The First-tier Tribunal has dismissed an appeal by Trapps Cellars against assessments totalling about £1.5 million in relation to the diversion of a number of lorry loads of spirits at some point between Trapps’ warehouse in London and two destination warehouses in Italy.
The Tribunal rejected Trapps’ main argument that it was not liable to duty because the diversion was a “loss” occurring under suspension arrangements which was attributable to “fortuitous events”. It argued that those fortuitous events entitled it to relief from duty under Article 14(1) of Directive 92/12/EEC. The Tribunal dismissed that argument, holding that goods were only “lost” within the meaning of Article 14(1) if they were unusable or not consumable. Diverted goods were not “lost” simply because the tax authorities were unable to ascertain where they were and could not collect the excise duty owing. In such circumstances, the missing goods remained available for sale to consumers within the EU.
In any event, the Tribunal found that Trapps had failed to establish the pre-conditions for a fortuitous event. It needed to show that the loss resulted from abnormal and unforeseeable conditions, which could not have been avoided even with the exercise of all due care. The Tribunal held that it was not enough for an excise warehousekeeper to establish that it acted in good faith. It had to show that it had taken appropriate measures to limit risk. In this case, Trapps did not take due care to prevent the consignments from going missing by undertaking due diligence on the consignees and the transporters.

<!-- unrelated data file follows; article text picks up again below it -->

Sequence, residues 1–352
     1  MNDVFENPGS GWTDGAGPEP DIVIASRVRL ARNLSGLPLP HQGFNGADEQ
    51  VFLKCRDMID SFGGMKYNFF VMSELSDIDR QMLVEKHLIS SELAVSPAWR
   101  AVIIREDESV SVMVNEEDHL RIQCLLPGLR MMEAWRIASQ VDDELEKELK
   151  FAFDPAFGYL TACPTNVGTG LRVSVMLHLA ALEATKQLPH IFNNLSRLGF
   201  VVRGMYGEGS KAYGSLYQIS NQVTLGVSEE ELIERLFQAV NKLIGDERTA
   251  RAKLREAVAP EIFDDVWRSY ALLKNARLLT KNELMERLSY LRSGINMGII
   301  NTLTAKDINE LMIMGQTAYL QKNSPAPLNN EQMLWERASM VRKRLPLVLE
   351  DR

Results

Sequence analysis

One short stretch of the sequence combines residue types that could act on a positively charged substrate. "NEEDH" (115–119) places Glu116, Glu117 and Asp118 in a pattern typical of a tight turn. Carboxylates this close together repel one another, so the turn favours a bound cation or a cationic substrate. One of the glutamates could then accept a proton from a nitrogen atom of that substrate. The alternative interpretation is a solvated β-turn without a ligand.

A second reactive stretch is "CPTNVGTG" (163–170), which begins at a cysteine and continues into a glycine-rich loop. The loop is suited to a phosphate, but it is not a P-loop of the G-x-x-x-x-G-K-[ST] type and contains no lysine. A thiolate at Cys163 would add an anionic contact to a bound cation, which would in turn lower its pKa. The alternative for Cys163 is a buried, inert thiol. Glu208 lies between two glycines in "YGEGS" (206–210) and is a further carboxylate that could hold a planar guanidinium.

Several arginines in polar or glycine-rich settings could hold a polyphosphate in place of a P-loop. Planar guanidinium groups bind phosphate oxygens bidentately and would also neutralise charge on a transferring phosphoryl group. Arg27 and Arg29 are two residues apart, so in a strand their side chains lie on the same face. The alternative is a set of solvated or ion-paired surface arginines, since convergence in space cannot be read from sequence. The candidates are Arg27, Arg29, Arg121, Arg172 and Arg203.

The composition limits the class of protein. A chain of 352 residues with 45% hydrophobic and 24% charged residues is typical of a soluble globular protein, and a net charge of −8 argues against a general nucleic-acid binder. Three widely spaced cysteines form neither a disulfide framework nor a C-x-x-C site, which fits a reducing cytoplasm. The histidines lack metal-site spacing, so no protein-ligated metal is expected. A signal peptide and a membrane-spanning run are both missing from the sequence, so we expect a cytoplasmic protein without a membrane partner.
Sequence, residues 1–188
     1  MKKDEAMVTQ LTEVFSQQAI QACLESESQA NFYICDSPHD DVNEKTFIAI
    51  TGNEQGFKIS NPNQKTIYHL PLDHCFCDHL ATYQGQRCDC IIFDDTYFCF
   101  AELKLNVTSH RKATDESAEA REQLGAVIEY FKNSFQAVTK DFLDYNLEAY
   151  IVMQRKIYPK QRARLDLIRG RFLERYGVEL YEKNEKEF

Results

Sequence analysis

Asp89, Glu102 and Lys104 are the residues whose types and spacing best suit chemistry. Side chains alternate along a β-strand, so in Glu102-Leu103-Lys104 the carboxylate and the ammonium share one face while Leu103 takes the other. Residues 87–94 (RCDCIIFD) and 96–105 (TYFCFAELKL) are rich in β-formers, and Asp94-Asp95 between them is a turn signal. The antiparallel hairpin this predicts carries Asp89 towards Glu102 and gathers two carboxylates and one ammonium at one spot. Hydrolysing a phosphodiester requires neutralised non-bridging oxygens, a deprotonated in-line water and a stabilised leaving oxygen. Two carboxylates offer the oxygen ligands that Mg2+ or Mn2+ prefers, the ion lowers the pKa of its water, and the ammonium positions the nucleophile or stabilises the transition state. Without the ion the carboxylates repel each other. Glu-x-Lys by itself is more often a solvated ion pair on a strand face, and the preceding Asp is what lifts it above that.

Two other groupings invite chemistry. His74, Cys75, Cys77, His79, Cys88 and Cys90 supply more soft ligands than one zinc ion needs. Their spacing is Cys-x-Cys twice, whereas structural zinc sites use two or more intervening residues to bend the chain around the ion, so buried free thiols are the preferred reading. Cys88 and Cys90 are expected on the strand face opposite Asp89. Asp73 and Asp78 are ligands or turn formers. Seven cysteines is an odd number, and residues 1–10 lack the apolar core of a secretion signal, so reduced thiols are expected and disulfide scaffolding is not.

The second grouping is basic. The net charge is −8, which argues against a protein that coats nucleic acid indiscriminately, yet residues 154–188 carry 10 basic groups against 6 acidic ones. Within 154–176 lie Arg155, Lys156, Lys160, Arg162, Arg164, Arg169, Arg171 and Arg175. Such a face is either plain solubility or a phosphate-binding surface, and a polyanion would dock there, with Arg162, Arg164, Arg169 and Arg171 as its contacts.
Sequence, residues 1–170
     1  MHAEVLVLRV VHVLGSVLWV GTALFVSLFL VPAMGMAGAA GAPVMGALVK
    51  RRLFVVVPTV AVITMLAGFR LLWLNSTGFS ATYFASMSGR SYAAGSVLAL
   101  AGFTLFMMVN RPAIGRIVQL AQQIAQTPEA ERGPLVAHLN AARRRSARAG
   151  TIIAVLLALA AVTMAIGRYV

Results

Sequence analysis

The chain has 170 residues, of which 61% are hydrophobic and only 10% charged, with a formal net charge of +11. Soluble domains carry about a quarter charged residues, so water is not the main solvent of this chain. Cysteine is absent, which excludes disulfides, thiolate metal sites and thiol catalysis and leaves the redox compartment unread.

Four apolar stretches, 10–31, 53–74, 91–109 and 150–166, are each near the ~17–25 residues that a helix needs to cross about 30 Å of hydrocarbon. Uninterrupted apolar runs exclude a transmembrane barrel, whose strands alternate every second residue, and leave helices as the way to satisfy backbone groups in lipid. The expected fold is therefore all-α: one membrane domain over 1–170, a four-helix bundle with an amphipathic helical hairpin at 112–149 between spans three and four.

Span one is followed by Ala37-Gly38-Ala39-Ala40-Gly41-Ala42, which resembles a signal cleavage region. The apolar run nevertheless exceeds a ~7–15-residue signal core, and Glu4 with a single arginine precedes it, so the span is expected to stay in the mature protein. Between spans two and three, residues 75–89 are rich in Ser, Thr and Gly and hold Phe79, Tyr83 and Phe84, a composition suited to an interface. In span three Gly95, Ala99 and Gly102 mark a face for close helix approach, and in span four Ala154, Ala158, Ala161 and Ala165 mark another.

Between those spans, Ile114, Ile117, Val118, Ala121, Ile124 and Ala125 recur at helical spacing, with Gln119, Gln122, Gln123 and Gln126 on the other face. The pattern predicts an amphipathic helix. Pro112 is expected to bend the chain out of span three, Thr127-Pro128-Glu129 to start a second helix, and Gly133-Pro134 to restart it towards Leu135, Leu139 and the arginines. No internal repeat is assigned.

The Tribunal also rejected an argument by Trapps that HMRC had allowed the consignments to run and that it should therefore have remitted duty, by analogy with the ECJ’s decision in relation to customs duty in Case C-61/98 De Haan. In that case, the ECJ held that a custom agent was not liable where it was not informed that consignments were being allowed to run as part of a criminal investigation. The Tribunal held that, although there was evidence that the Italian authorities had suspicions regarding the two Italian destination warehouses, that did not entitle Trapps to remission of duty, since De Haan was limited to cases where the tax authorities deliberately allowed offences or irregularities to be committed. There was no requirement to remit duty just because the tax authorities had suspicions at the time of the diversions, since a tax authority is not obliged to warn any taxpayer of its suspicions.
Finally, the Tribunal held that HMRC had jurisdiction to assess Trapps to UK excise duty – Trapps could not suggest that it should have been assessed to Italian excise duty, which was now out of time for assessment. Under the jurisdiction provisions set out in Article 20 of Directive 92/12/EC, the excise duty point was in the UK where the goods did not arrive at their destination. The duty point would only have arisen in Italy if the irregularity had been detected in the course of the movements by the Italian authorities. In the present case, the irregularities were detected after the end of the movement – and in any event, they were first detected by HMRC and not by the Italian authorities.
Raymond Hill represented HMRC, instructed by Shepherd & Wedderburn.